Comment Letter on Roxbury Preparatory Charter School (361 Belgrade)

We sent a comment letter today to the Boston Planning and Development Agency (BPDA) in support of the proposed move of the Roxbury Preparatory Charter School to 361 Belgrade Avenue. We believe the proposed development is consistent with our core principles and primary goal of making a more walkable neighborhood. As discussed in more detail below, this development should be a catalyst for long overdue walkability and transit improvements to Belgrade Avenue, and we urge all the stakeholders to work together to make sure these happen. As a side note, we recognize there has been outspoken support for and opposition against this project from a variety of perspectives; as a community group focused on walkability, we take no position on education policy or various debates relating to charter schools generally or this school specifically. Our interest is in insuring that students, staff, and the community at large can enjoy safe and vibrant streets with easy and convenient access by sustainable modes of transportation.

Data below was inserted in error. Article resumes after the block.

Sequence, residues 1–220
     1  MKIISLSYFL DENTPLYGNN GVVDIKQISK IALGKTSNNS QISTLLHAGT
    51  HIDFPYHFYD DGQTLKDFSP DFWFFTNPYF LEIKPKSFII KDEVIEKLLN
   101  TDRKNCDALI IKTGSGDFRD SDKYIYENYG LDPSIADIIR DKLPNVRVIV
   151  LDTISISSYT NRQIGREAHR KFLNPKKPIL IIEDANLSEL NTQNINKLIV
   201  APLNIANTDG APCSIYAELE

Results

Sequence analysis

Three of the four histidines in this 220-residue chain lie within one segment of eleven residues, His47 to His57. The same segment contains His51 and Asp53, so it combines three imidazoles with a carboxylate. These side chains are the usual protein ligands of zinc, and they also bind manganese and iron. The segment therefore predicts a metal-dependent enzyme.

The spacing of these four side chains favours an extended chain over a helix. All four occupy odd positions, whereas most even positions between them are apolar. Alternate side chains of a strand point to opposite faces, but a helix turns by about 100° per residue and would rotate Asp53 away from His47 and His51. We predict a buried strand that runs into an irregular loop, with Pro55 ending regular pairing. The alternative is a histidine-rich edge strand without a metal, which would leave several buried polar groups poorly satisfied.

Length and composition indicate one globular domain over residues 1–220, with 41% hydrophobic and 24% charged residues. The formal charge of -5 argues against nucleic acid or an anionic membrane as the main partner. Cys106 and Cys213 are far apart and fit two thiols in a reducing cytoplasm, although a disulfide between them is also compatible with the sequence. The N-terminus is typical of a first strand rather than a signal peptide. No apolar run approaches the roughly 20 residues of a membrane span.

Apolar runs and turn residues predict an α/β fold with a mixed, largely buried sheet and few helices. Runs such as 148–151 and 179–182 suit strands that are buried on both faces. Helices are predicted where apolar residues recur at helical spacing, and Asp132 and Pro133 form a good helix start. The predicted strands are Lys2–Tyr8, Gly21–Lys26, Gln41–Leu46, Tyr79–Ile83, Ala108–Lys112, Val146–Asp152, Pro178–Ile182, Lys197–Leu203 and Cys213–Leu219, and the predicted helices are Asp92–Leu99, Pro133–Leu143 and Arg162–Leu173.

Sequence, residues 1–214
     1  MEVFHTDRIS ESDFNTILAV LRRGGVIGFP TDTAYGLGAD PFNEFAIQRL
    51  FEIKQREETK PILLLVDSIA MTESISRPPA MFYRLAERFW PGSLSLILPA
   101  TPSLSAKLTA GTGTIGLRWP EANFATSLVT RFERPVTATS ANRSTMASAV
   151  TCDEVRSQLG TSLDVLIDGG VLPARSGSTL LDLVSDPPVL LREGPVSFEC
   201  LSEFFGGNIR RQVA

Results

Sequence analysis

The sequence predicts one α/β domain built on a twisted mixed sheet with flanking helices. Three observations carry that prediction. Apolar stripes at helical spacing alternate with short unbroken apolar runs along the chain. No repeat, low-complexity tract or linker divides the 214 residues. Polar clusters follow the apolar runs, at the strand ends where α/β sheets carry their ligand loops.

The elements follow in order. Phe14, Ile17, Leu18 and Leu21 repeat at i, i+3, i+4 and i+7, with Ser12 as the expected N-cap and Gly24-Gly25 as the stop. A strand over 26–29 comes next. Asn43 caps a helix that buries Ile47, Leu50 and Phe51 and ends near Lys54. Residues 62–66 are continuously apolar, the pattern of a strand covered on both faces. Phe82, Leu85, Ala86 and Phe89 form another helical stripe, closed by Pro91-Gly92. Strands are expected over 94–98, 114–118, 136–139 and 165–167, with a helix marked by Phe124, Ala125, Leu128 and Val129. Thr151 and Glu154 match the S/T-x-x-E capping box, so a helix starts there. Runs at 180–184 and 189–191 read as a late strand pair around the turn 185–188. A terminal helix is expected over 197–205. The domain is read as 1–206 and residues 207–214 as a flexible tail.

The full text of our letter is reproduced below.

March 5, 2019

Mr. Brian Golden, Director
Boston Planning & Development Agency (BPDA)
Boston City Hall, One City Hall Square, 9th Floor
Boston, MA 02201
Att’n: Ms. Aisling Kerr, Project Manager (

RE:    Support Letter – Roxbury Preparatory Charter School (361 Belgrade Avenue)

Dear Mr. Golden and Ms. Kerr:

I write on behalf of WalkUP Roslindale to comment in support of the proposed Roxbury Preparatory Charter High School Development at 361 Belgrade Avenue in Roslindale, and to urge BPDA to work cooperatively with the school’s developers, BTD, the MBTA, and the Commonwealth, to insure that this welcome addition to our neighborhood be built and designed to be as walkable and transit accessible as possible.